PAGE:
using AudioIO, Interact, Gadfly
s1 = SinOsc(220)
s2 = SinOsc(220)
@manipulate for f1=100:880, f2 = 110:880
    s1.renderer.freq = f1
    s2.renderer.freq = f2
    plot(t->sin(f1*2pi*t) + sin(f2*2pi*t), 0, 2pi)
end
play(s1)
play(s2)

cc ssfrr/AudioIO.jl#27

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ssfrr commented Sep 8, 2014

@shashi That is a super awesome example. This opens up a lot of new doors and is definitely encouraging me to make Interact a first-class citizen in the AudioIO world.

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shashi commented Sep 8, 2014

@ssfrr nice! I'm more for keeping keeping AudioIO and Interact orthogonal and making them work well together rather than inside one another though ;)

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shashi commented Sep 12, 2014

"In Julia and perhaps your language, there are knobs that make it even easier to watch the algorithm in action."

@alanedelman's illustration of how matrix multiplication happens with different loop orders.

function matmul_ijk(a,b,stop)
    step=0
    n=size(a,1)
    c=zeros(a)
    for i=1:n, j=1:n, k=1:n  
        if step==stop;  return(c); end
        c[i,j] +=  a[i,k] * b[k,j]
        step+=1
    end
    c
end

function matmul_kji(a,b,stop)
    step=0
    n=size(a,1)
    c=zeros(a)
    for k=1:n, j=1:n, i=1:n  
        if step==stop;  return(c); end
        c[i,j] +=  a[i,k] * b[k,j]
        step+=1
    end
    c
end

n=10
o=int(ones(n,n))
@manipulate for stop=0:n^3
    matmul_ijk(o,o,stop)
end

n=10
o=int(ones(n,n))
@manipulate for stop=0:n^3
    matmul_kji(o,o,stop)
end
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vchuravy commented Sep 12, 2014

I found this recently: @dlfivefifty https://github.com/dlfivefifty/ApproxFun.jl/blob/master/examples/Mainpulate%20Helmholtz.ipynb
Which solves the Helmholtz equation and manipulates the parameters via Interact

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catawbasam commented Sep 16, 2014

filter iris DataFrame by species

using Reactive, Interact
using DataFrames

using RDatasets
iris = dataset("datasets", "iris")
speciespool = iris[:Species].pool

@manipulate for species=speciespool
    iris[ iris[:Species] .==species , :]
end
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jiahao commented Oct 16, 2014

Here is an example of code to draw parallel prefix trees. The @manipulate call at the very end allows you to play with how the compute tree varies with the number of processors.

using Compose, Interact

#Brent-Kung parallel prefix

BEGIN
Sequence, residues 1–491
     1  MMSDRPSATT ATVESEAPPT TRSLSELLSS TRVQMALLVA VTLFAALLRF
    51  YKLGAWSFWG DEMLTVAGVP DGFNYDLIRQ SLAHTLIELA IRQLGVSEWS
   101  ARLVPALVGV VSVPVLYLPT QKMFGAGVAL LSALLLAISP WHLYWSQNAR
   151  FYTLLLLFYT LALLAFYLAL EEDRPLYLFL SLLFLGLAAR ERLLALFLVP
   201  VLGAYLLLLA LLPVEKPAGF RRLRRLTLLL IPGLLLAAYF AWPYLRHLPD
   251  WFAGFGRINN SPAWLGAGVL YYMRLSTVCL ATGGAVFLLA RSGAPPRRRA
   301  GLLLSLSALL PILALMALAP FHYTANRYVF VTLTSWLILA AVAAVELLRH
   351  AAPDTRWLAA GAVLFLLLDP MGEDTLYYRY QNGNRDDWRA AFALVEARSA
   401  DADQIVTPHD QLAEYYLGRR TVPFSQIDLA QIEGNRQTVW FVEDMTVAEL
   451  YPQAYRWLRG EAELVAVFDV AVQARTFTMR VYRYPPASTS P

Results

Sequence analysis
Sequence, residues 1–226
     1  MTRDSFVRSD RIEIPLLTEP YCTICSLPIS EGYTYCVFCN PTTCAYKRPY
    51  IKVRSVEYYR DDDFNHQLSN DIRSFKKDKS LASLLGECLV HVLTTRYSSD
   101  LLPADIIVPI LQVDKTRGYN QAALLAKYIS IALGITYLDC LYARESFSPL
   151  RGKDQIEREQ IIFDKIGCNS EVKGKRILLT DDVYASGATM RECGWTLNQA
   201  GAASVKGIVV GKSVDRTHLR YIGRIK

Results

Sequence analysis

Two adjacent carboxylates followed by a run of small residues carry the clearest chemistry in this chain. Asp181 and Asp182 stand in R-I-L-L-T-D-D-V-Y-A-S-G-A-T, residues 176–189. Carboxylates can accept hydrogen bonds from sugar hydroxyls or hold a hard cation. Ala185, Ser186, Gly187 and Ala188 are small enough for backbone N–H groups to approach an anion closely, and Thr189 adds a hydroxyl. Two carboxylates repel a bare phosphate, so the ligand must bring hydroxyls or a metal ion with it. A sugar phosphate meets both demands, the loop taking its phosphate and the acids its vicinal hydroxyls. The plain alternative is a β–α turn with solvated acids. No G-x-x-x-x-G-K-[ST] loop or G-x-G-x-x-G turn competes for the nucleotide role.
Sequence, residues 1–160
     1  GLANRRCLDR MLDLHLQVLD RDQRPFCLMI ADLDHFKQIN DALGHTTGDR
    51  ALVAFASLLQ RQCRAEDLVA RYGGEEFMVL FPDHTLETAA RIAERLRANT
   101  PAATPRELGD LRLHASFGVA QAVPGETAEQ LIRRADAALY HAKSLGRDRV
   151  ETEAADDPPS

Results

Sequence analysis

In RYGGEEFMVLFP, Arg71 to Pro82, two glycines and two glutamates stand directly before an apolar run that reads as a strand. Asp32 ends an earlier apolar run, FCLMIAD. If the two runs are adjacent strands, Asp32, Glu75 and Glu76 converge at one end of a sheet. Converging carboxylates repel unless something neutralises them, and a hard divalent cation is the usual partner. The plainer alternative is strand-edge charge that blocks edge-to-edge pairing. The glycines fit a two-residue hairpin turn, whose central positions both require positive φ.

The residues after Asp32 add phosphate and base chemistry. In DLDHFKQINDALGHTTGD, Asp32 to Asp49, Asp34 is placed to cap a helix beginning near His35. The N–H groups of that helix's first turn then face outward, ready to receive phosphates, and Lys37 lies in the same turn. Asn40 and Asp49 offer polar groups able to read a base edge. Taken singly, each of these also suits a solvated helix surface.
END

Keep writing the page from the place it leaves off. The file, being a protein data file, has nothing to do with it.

function prefix!(y, +)
    l=length(y)
    k=iceil(log2(l))
    @inbounds for j=1:k, i=2^j:2^j:min(l, 2^k)              #"reduce"
        y[i] = y[i-2^(j-1)] + y[i]
    end
    @inbounds for j=(k-1):-1:1, i=3*2^(j-1):2^j:min(l, 2^k) #"broadcast"
        y[i] = y[i-2^(j-1)] + y[i]
    end
    y
end

# Instrumentation

import Base: getindex, setindex!, length

type AccessArray
    length :: Int
    read :: Vector
    history :: Vector
    AccessArray(length, read={}, history={})=new(length, read, history)
end

length(A::AccessArray)=A.length

function getindex(A::AccessArray, i)
    push!(A.read, i)
    nothing
end

function setindex!(A::AccessArray, x, i)
    push!(A.history, (A.read, {i}))
    A.read = {}
end

# Renderer
type gate
    ins :: Vector
    outs:: Vector
end

function render(G::gate, x₁, y₁, y₀; rᵢ=0.1, rₒ=0.25)
    ipoints = [(i, y₀+rᵢ) for i in G.ins]
    opoints = [(i, y₀+0.5) for i in G.outs]
    igates  = [circle(i..., rᵢ) for i in ipoints]
    ogates  = [circle(i..., rₒ) for i in opoints]
    lines = [line([i, j]) for i in ipoints, j in opoints]
    compose(context(units=UnitBox(0.5,0,x₁,y₁+1)),
        compose(context(), stroke("black"), fill("white"),
            igates..., ogates...),
        compose(context(), linewidth(0.3mm), stroke("black"),
            lines...))
end

function render(A::AccessArray)
    #Scan to find maximum depth
    olast = depth = 0
    for y in A.history
        (any(y[1] .≤ olast)) && (depth += 1)
        olast = maximum(y[2])
    end
    maxdepth = depth

    olast = depth = 0
    C = {}
    for y in A.history
        (any(y[1] .≤ olast)) && (depth += 1)
        push!(C, render(gate(y...), A.length, maxdepth, depth))
        olast = maximum(y[2])
    end

    push!(C, compose(context(units=UnitBox(0.5,0,A.length,1)),
      [line([(i,0), (i,1)]) for i=1:A.length]...,
      linewidth(0.1mm), stroke("grey")))
    compose(context(), C...)
end

#The actual call to manipulate
@manipulate for np=1:100
    render(prefix!(AccessArray(np),+))
end

Observe that the depth of the tree grows by one at powers of two and 3 x powers of two.

[Edit: fixed link]

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shashi commented Oct 31, 2014

Here is a bouncing ball that works using Patchwork

using Reactive, Interact, Patchwork.SVG